Over the years Joseph Epstein has turned his keen eyes and pen to broad subjects with which all of us are familiar — snobbery, friendship, envy, ambition — so it should come as no surprise that he now addresses himself to gossip. This tantalizing human activity no doubt can be traced back to Adam and Eve — who presumably gossiped about God — and today is so much with us as a commercial enterprise that even yetis on their Himalayan peaks surely have People magazine airmailed in every week and read the Daily Beast on their iPhones.
Epstein, an old-fashioned and conservative man, predictably (and correctly) finds gossip in its present manifestations distasteful, but he is critical without being censorious. He clearly enjoys gossip as much as the next person, and in the opening pages of “Gossip” he feeds the reader a number of tidbits, most of which unfortunately cannot be published in a family newspaper. This one can:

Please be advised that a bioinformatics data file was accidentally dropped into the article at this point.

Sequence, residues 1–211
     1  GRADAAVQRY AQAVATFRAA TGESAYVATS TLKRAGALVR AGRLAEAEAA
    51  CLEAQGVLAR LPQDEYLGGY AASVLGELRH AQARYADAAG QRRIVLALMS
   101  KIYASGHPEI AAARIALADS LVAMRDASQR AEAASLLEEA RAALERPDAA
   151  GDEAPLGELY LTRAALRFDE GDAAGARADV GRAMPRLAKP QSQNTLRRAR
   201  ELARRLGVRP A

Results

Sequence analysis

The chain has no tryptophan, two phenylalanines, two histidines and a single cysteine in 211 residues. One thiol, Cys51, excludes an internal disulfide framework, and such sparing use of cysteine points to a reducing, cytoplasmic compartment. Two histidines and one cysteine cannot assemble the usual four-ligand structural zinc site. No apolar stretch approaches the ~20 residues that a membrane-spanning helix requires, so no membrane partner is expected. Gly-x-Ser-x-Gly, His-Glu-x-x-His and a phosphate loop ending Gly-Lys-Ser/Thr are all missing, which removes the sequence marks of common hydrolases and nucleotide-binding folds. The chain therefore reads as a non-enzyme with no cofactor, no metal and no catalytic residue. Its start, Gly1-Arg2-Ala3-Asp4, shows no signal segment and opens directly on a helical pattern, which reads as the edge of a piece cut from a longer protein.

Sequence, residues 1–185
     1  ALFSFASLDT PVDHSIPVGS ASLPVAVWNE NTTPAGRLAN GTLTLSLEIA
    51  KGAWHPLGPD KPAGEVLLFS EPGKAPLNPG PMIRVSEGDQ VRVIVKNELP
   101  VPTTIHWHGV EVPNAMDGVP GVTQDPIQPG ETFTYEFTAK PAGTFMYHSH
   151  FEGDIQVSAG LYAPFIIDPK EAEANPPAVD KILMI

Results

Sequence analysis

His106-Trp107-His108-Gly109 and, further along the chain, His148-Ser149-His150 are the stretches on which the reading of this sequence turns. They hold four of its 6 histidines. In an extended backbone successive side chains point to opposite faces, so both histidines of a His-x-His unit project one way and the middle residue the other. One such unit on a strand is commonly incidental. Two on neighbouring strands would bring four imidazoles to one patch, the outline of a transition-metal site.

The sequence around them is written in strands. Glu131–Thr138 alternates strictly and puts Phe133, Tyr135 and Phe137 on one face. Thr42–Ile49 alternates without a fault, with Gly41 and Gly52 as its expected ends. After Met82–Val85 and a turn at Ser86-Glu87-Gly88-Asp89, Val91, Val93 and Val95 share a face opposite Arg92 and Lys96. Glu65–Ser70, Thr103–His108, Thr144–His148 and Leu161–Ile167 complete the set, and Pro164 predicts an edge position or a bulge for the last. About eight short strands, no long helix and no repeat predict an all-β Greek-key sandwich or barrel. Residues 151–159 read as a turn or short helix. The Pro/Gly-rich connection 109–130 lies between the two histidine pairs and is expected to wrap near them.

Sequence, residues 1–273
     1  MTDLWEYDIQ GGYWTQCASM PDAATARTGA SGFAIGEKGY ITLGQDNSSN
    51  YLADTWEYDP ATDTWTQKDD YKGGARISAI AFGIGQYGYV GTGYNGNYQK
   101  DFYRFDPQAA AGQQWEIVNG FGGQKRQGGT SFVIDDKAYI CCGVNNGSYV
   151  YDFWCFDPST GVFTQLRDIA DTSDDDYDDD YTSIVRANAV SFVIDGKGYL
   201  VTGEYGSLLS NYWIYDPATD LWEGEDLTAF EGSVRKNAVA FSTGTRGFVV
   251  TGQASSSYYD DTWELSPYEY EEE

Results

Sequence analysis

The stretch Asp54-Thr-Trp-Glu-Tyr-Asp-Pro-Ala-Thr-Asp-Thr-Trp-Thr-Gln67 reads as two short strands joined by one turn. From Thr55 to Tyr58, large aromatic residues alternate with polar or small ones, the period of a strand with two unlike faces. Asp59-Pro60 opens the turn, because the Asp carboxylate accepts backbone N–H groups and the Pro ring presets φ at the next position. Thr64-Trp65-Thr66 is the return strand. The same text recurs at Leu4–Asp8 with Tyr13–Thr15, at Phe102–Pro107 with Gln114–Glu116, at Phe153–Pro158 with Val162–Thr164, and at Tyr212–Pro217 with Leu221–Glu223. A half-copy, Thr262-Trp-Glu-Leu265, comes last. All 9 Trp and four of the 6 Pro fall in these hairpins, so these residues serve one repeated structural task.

“Someone recently told me . . . that a gynecologist told him that when his patient Elizabeth Taylor came in for a minor surgical procedure she brought along security men to make sure that all her pubic hair, some of which needed to be shaved, would be swept up and properly disposed of, lest any of the nurses or orderlies on the job attempted to scoop it up and offer it for sale on eBay. This story feels mightily like gossip, yet I do not feel the least disloyalty in passing it along; instead I feel myself merely lapsing into wretched bad taste in retelling it. I also feel that, in the current age, it is probably a true story.”
Indeed, the story is classic gossip, because telling it entails several of the most basic motives behind gossip. It enables the gossiper “to do dirt to the person he is gossiping about.” It entails “sheer jolly prurience.” It presents the gossiper as “up to the moment, in the know.” By no means least, it reminds us that “part of the delight of gossip, after all, is, to use an old-fashioned word, its naughtiness.” Another good old-fashioned word for it is mischievousness. Both words have almost nothing to do with evil and a great deal to do with fun.